Ottorino Respighi was a master of looking to the past for inspiration while, at the same time, producing music that was truly modern. We would expect a work entitled Toccata to be like the toccatas we know from the past: light ‘touch’ pieces that are quick moving and emphasize the virtuosic player of a keyboard or lute. Respighi’s Toccata (1928), on the other hand, is a full-blown piano concerto that, in the end, is probably the longest toccata ever written!
Through his life, Respighi studied the Italian composers of the 16th and 17th century, resulting in works such as Ancient Airs and Dances, based on pieces for lute and viola by various Renaissance composers, and The Birds, which was based on Baroque bird pieces. Similarly, Toccata is modelled on the keyboard toccatas of Frescobaldi, and the concerto style developed by Vivaldi and Corelli, and, in particular, an oboe concerto by Alessandro Marcello.
Marcello: Oboe Concerto in D minor: II. Adagio
(József Kiss, oboe; Budapest Ferenc Erkel Chamber Orchestra )
The work opens with not the usual contest between orchestra and soloist but is more like a long slow introduction that keeps threatening to become the expected Allegro but, each time, is turned away. The opening is more like a dialogue between piano and orchestra, making it closer to the 17th century idea of a fantasia, although Respighi does not use that term. A delicate duet between the cello and the oboe slows the movement down (03:15).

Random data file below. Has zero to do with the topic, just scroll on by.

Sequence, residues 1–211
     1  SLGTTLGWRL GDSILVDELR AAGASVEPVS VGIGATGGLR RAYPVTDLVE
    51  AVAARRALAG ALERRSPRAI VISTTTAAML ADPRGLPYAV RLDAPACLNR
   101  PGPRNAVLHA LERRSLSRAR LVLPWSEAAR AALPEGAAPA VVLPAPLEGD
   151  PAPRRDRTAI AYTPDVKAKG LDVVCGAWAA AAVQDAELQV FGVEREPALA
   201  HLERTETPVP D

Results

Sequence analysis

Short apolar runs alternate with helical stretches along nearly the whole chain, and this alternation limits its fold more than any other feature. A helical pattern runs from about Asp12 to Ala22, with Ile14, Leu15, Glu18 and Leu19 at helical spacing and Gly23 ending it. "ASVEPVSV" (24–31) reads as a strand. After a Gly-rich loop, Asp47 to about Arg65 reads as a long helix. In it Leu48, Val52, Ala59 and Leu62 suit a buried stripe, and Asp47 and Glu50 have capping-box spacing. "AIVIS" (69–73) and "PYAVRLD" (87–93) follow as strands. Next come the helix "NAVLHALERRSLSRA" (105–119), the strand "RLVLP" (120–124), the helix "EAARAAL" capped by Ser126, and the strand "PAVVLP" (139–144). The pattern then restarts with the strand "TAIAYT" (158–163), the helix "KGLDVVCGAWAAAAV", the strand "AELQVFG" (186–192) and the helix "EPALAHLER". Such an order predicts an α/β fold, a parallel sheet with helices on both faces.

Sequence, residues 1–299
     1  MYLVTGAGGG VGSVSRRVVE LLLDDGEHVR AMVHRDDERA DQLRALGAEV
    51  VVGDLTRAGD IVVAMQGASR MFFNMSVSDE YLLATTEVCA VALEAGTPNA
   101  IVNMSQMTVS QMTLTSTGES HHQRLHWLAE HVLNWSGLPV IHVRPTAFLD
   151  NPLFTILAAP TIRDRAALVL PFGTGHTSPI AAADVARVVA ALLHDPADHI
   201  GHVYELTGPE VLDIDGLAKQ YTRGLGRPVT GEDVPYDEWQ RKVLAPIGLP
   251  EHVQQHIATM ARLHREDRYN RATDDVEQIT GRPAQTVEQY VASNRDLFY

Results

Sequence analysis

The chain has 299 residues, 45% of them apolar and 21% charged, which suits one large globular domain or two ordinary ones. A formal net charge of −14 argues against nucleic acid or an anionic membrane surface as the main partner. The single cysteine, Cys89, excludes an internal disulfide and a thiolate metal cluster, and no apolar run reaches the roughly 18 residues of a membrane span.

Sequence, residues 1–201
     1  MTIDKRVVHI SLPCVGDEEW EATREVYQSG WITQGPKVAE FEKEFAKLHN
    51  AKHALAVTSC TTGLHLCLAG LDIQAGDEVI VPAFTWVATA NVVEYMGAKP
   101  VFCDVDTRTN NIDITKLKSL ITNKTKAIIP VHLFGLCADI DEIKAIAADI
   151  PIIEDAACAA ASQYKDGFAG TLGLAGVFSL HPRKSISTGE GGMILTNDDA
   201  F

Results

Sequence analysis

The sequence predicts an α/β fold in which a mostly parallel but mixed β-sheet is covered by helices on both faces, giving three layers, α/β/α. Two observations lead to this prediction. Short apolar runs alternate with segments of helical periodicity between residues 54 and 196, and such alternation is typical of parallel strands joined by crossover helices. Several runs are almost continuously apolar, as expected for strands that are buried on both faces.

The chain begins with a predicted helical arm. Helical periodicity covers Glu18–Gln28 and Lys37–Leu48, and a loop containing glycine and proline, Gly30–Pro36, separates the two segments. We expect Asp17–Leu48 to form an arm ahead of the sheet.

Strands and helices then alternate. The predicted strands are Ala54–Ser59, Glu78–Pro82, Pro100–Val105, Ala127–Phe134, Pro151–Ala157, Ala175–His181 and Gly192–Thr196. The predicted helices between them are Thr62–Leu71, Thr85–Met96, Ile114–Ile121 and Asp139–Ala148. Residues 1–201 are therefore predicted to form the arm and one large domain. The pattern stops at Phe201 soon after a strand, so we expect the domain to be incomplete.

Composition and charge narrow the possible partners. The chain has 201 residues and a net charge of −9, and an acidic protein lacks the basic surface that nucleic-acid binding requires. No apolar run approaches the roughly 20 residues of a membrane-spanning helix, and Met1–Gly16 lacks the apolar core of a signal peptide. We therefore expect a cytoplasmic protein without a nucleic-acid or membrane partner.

The first section ends in repeated D minor chords before beginning the next ‘movement’ / section. This, modelled on the slow movement of Alessandro Marcello’s Oboe Concerto, brings in the oboe as a soloist with the pianist. The Marcello slow movement is a beautiful ‘singing’ (cantilena) movement and so Respighi uses the same inspiration for his singing piano over simple chords (11:10); the oboe contributes its own voice (12:10).
Now, after what have been, in effect, two slow movements, the forward motion has nearly stopped. It restarts, however, with a cadenza that wakes up both the audience and the pianist (17:30). Here is where both the orchestra and soloist come into their own as virtuoso players. This last ‘movement’ / section is similar to the Allegro Rondos that feature in so many 17th century concertos – the soloist and orchestra a free time to spin out fast motifs but return again to a main theme.
Respighi: Toccata, P. 156 (Geoffrey Tozer, piano; BBC Philharmonic Orchestra ; Edward Downes, cond.)
The title of Toccata comes into its own in the final section, where the final theme is developed through, as Respighi puts it ‘manifold rhythmic transformations.’
Respighi’s work makes us re-think not only the piano concerto, but the virtuosity demanded of both the soloist and the orchestra.
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